Posts Tagged ‘tailing fish’

Go Small. Go Light. Go Weedless.

October 11, 2013

Bonefish on Grass Flats

Go Small.  Go Light.  Go Weedless.

by Chip Bates

You can encounter tailing fish on any fertile bottom, but weedy bottoms hold the most prey, therefore the most fish. Big fish seem more comfortable feeding in the shallows over a dark bottom.  Click here for tips on Shallow Water, Tailing Fish.

The end of the outgoing and beginning of the incoming brings the skinniest water that’s when you’ll find fish tailing over the weeds. To catch them, you’ll need a fly that doesn’t “plop” when it hits the water: go small.

A tailing fish is focused on a small area.  Frequently he’ll create a cloud of sand or mud where he’s feeding. You must put the fly in the area where’s he’s rooting, a matter of inches from his nose. You must throw a fly that doesn’t spook him when it lands: go light.

Once the fly lands in front of the fish, let it sink, then give it the tiniest of strips: go weedless.

Without a weed guard, your fly will invariably snag on grass and stripping a fly that’s hooked on a weed is like drag on a dry fly.  Click Here for Tips on Tailing Fish over Weedy Bottoms.

There are loads of excellent flies for bonefishing in skinny water, but our number one fly is the Bunny Bone when we need to go small, light or weedless.  Having a variety of Bunny Bones in your fly box is a necessity, especially when wading for bonefish.  Tan or brown (tied with tan or pink thread) rabbit fur tail with a little gold Mylar and mono eyes are top producing colors.  It’s also a great fly in slightly deeper water with small or medium bead chain eyes, instead of mono.  Try adding crazy legs and don’t forget the weed guard!  Click here for more information on tying bonefish flies, including the Bunny Bone.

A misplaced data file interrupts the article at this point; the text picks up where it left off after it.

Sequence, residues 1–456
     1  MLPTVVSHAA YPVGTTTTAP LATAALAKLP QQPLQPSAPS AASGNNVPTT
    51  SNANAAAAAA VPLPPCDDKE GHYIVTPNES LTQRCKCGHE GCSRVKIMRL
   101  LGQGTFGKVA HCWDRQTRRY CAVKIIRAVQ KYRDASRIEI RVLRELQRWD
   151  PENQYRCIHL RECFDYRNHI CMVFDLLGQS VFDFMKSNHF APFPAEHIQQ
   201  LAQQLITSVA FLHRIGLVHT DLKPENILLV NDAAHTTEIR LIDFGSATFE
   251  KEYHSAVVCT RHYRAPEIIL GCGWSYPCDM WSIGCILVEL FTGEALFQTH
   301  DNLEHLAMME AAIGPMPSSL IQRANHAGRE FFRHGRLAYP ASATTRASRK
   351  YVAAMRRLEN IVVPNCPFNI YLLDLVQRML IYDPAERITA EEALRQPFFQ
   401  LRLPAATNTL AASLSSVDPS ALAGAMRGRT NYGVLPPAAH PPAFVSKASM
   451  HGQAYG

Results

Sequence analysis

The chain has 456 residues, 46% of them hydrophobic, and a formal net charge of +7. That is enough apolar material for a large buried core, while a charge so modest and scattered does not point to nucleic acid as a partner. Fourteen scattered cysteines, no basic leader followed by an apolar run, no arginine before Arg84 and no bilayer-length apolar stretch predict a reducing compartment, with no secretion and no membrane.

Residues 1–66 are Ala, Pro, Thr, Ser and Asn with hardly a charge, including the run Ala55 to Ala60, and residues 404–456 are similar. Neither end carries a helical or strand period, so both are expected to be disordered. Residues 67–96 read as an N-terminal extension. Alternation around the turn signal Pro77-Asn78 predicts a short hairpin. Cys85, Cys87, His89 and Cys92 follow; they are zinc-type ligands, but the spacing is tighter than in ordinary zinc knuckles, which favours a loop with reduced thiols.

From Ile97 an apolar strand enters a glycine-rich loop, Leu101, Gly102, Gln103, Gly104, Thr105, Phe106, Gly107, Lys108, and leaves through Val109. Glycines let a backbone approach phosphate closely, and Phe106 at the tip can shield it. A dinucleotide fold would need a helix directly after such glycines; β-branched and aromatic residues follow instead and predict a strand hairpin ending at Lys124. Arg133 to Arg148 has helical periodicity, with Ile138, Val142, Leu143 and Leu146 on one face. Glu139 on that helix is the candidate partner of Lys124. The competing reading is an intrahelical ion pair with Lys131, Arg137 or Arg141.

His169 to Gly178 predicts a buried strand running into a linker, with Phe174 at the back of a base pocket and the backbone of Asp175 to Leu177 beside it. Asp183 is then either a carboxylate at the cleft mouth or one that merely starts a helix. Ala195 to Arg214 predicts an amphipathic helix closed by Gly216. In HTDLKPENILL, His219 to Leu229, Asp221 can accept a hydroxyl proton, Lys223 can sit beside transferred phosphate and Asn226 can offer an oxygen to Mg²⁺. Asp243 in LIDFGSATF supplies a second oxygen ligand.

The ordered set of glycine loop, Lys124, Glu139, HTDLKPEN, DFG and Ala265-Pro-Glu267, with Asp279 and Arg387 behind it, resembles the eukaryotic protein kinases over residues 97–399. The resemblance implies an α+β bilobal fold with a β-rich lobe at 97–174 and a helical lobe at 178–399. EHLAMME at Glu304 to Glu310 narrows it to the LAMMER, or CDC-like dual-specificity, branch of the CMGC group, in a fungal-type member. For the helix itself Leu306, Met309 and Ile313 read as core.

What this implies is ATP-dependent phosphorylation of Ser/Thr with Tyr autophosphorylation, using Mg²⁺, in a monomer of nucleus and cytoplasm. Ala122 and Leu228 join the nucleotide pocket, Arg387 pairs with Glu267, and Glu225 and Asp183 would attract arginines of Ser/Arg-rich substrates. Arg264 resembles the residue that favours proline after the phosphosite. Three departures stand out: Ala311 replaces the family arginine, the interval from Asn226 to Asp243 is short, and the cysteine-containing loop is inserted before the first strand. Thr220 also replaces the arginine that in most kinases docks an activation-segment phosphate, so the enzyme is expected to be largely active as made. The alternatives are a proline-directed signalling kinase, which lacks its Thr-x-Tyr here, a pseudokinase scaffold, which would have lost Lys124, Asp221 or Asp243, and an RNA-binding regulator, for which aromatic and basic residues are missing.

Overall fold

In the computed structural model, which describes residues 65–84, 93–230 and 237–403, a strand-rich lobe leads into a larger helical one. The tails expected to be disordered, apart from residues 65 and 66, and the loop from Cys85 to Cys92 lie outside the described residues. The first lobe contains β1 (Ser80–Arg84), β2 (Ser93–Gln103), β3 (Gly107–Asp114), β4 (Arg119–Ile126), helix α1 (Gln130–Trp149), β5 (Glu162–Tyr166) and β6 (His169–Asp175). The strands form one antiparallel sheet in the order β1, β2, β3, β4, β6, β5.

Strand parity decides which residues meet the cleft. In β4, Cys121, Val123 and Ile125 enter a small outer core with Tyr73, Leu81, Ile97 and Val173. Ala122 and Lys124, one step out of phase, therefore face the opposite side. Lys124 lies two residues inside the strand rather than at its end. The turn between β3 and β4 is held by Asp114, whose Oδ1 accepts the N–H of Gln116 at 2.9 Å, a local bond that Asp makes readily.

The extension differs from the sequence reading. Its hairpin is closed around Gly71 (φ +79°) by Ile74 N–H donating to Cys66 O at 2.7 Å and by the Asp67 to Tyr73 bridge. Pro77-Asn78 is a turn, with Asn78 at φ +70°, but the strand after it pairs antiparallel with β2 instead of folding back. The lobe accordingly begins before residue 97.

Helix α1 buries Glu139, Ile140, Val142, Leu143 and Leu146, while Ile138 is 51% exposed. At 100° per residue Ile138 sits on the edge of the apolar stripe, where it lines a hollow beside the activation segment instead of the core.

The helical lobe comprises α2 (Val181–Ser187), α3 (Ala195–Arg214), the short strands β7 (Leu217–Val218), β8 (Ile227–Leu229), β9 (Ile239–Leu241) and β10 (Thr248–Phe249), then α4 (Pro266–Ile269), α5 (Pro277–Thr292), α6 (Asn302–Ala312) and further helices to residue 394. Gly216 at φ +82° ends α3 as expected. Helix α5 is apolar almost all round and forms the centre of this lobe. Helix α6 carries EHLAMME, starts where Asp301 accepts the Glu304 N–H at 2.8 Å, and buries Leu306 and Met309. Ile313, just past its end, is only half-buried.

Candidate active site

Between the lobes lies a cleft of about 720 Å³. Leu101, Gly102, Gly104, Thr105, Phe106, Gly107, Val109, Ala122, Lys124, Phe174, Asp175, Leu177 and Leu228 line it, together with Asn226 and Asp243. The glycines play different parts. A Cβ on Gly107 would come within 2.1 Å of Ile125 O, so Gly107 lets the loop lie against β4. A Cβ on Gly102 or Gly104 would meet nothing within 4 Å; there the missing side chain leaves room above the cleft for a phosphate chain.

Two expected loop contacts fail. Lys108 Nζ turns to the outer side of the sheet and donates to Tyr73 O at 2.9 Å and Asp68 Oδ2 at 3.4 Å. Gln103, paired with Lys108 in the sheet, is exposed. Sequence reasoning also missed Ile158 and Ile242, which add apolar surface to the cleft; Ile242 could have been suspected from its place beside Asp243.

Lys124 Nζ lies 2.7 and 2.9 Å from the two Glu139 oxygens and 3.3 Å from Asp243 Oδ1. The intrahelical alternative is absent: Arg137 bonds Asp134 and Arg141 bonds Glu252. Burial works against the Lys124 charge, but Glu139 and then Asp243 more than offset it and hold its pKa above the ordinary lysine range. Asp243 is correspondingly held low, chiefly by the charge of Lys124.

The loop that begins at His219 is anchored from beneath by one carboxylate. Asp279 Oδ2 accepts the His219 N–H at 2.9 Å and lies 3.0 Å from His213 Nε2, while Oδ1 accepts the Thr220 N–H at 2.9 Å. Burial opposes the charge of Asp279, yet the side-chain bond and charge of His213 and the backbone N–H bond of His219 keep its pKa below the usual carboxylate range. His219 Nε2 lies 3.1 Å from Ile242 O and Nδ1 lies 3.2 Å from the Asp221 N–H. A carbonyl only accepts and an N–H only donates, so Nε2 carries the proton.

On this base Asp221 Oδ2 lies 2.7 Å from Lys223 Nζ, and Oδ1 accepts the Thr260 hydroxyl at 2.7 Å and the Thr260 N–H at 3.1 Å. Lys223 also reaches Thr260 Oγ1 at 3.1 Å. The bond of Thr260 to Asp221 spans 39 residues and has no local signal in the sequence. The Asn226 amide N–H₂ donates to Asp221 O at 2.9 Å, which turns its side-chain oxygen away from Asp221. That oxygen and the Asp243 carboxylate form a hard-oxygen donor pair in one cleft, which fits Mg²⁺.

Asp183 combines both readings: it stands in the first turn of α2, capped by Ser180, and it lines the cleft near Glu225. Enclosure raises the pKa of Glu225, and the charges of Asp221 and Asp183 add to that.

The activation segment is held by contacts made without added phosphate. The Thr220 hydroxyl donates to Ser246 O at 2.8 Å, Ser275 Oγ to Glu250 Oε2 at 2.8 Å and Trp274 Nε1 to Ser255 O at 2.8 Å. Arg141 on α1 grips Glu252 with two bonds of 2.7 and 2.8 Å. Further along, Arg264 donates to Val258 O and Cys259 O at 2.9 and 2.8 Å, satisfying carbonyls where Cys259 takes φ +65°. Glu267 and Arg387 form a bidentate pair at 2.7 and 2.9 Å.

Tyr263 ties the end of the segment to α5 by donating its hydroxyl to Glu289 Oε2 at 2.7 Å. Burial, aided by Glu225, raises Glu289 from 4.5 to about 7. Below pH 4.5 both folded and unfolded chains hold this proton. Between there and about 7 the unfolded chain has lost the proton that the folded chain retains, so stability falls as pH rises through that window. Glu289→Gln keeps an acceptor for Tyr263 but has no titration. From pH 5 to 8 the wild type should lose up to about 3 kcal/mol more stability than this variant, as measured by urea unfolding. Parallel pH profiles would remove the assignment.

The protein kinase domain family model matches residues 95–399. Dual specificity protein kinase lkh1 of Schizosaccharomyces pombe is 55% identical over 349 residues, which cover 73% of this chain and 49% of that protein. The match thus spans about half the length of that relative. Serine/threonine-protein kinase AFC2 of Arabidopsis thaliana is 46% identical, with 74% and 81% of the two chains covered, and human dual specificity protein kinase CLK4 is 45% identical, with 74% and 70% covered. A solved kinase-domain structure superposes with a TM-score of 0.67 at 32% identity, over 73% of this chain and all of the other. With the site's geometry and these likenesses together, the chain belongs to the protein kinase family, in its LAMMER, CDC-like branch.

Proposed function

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The Vulcan Grilse Grip

May 11, 2011

For those of you planning an Atlantic salmon trip this summer, here’s a tip from Doug Schlink you might enjoy. 

Adult, mutli-sea-winter (MSW) Atlantic salmon fish can be captured by hand tailing.  This is accomplished by wrapping your hand and around the “wrist” of their tail (known as the caudal peduncle), just in front of the tail fin, much as you would grasp your own left wrist with your right hand just in front of your hand.   The tail fin on an MSW fish has developed stiff exterior rays, and prevents the fish from slipping through.  

Atlantic salmon that have only spent one winter at sea before returning to the river to spawn are known as grilse.  Grilse are smaller, usually from 20 – 24 inches in length, and have not yet developed this stiffness in the tail fin’s exterior rays.  A sure way to tell a big grilse from a small salmon is to check the development of the tail fin exterior rays.  If they are stiff, and don’t collapse when you try to squeeze them together, it’s a salmon.  But if they collapse, it’s a grilse. 

Doug Schlink with nice looking MSW Atlantic

Not a Grilse

Because of this lack of development in the exterior caudal fin rays of a grilse, if you try to “tail” a grilse with this conventional method, the tail fin collapses and he’ll squirt right out of your grasp!

But if your guide is not handy with the net when you’re about to land your grilse, you still can hand tail him using the technique I call the “Vulcan Grilse Grip”.    Make a “V” or a “peace sign” by extending your index and middle finger of your dominant hand.  With thumb extended, slide this “V” so one finger is on the top and the other along the bottom of the caudal peduncle.  Now quickly wrap the thumb around and close the rest of your hand as if you’re trying to make a fist.  You should now have a firm grasp on the fish!  I’m not sure why this works, but it does. 

A word of caution, never lift a salmon or a grilse you plan to release clear out of the water by the tail.  This can cause internal damage.  Please use hand tailing only as a means of securing the salmon in the water so you can remove the fly and properly release into the current.  If you want to lift a salmon for a photo, use your other hand to gently support the body of the fish, and lift no more than a few inches from the water and for no more than a few seconds. 

Many thanks to angling great Larry Solomon, co-author of the classic “The Caddis and the Angler”, for showing me this technique over 20 years ago on the Nepisiguit River. 


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